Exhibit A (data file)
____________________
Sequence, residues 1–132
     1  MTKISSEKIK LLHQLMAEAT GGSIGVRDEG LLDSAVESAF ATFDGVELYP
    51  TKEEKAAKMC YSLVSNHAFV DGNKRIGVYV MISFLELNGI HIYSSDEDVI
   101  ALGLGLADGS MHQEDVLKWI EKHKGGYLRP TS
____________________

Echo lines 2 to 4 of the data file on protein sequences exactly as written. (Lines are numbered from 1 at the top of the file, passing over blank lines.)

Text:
     1  MTKISSEKIK LLHQLMAEAT GGSIGVRDEG LLDSAVESAF ATFDGVELYP
    51  TKEEKAAKMC YSLVSNHAFV DGNKRIGVYV MISFLELNGI HIYSSDEDVI
   101  ALGLGLADGS MHQEDVLKWI EKHKGGYLRP TS